• Why are they interested?
  • What’s their platform?
  • What are their boundaries?
  • What do we want to say?
  • What do they want to hear?
  • How will we reach them?
  • First person and meaningful, passionate and informal
  • Don’t preach or sell


Nudge Nudge

Behavioural Economics… it’s all anyone and everyone can talk about. But what is it? Essentially it rejects the idea that we act on rationality. There is the common assumption that when given relevant facts, we will then behave accordingly. I’m sure we’d all like to assume this is the case anyway. However, we are much more likely to act upon impulse, emotions and, above all, habits. As a society, we won’t wait and want everything at our fingertips now.

The fact is technology has spoiled us. Computers, mobile phones, emails and credit cards, to name but a few. These are all convenient to use on-the-go, 24/7, but have they robbed us of our patience? So if it’s not rationality influencing your decisions, what is it? Behavioural economists argue that although we may be unaware of it, we tend to make choices based on our instincts, peer pressure and how the options are presented to us, known as choice architecture. A little scary isn’t it? That we might act upon our whims over sense.

So how does this relate to marketing? Well this fascination with behavioural economics has grown since the release of Richard Thaler’s ‘Nudge: Improving decisions about health, wealth and happiness’. And even David Cameron and Chancellor George Osborne have been talking about the potential for communications to focus more on behaviour.

In a more cynical viewpoint though, this could just be seen as an attempt to flatter the IPA (Institution of Practitioners in Advertising), who have recently made a dedication to increasing efficiency using behavioural economics. “If you don’t pay attention to the design of the choice architecture, then you can lose out – in Government and in business,” says Hamish Pringle, director-general of the IPA.

So the big question is - how does this help you? Well if you’re more likely to influence people by appealing to their impatience and impulses, surely framing options and packages to achieve better results doesn’t seem so difficult. And if you don’t think such a small change could have such a significant impact on your audience and their consumer behaviour, ask The Economist. When testing this theory the magazine found that there was more than a 250% increase in customers choosing the more expensive alternative for subscriptions. And what was the simple change they made to their packages to achieve this incredible result? Instead of offering a simple choice of option a - subscribing for a year to online articles, or option c - subscribing for a year to printed and online articles, they included an extra irrelevant subscription choice – option b - they offered just printed articles for the same price as option c. This automatically created the illusion that in option c, the online articles were essentially free and therefore a ‘must have’ in common thinking of today’s society. Just imagine the outcome you could potentially achieve using techniques like this?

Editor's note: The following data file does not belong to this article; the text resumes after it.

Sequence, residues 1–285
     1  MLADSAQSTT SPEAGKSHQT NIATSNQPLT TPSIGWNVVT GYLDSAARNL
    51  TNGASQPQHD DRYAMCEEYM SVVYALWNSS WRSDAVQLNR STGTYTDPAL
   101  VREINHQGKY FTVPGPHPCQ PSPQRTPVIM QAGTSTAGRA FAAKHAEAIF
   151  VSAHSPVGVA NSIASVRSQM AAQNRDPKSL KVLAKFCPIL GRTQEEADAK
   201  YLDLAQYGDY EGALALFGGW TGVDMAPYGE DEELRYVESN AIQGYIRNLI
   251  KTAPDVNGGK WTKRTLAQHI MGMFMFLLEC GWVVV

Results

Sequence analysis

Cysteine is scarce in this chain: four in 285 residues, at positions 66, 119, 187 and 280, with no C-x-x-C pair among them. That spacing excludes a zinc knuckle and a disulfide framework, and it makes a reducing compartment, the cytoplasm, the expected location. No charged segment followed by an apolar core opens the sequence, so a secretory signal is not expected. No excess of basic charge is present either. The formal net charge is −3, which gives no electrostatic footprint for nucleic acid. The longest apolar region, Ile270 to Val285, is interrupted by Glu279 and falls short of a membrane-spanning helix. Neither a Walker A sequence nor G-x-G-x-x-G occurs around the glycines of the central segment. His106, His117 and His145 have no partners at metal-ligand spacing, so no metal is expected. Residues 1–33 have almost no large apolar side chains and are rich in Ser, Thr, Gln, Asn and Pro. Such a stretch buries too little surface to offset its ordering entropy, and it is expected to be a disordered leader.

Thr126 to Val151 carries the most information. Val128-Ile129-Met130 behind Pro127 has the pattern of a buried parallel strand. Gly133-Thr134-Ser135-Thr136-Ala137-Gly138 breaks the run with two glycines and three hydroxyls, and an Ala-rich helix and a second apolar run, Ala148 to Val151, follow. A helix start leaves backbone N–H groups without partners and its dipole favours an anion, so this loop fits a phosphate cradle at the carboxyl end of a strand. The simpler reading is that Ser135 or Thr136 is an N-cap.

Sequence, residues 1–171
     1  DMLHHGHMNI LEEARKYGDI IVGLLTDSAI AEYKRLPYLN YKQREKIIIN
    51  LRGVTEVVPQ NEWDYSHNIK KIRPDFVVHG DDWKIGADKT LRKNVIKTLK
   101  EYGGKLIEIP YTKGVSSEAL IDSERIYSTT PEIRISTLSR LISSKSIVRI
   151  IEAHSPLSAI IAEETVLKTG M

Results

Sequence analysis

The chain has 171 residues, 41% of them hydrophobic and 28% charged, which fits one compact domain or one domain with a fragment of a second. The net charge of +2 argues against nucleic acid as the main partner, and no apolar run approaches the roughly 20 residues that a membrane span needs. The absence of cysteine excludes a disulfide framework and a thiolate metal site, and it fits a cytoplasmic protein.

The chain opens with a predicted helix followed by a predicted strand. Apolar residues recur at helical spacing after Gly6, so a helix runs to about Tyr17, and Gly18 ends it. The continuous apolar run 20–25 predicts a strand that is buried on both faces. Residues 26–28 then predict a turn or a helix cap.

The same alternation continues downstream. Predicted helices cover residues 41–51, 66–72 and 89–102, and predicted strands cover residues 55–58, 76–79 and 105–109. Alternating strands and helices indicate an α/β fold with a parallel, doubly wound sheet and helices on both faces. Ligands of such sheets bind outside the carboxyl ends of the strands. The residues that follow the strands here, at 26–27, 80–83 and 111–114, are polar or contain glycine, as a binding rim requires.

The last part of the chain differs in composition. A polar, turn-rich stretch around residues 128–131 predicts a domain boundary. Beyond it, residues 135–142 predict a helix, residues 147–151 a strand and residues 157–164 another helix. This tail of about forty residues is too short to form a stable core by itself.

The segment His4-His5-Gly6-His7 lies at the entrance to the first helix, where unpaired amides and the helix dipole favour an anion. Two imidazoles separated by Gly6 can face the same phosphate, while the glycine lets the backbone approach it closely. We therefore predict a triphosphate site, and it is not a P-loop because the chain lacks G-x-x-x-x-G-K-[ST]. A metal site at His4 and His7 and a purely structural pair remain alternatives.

Over the recent years, there has certainly been a move towards change in traditional marketing methods. Perhaps more emphasis is now needed on choice architecture but the power of PR and press still can play a crucial role in your business’ reputation and consumer behaviour. Take Apple for example - one of the leading and most forward-thinking companies around - they can successfully launch products purely on word-of-mouth PR and there is no need, initially anyway, to include any irrelevant payment options for example. There are plenty of people who will happily pay the small fortune asked out-right to purchase an iPhone, knowing full well the price will drop within a matter of months.

By challenging traditional marketing methods, behavioural economics can play a big part in consumer’s behaviour. Perhaps it’s what’s needed to give you the competitive edge needed in a period where your budget may have been reduced. Just by measuring how your audience respond to promotions or by using appropriate rewards can lead to desired behavioural change within your target market.

So by giving consumers a small nudge you can make a big difference to their behaviour, the outcome and your business.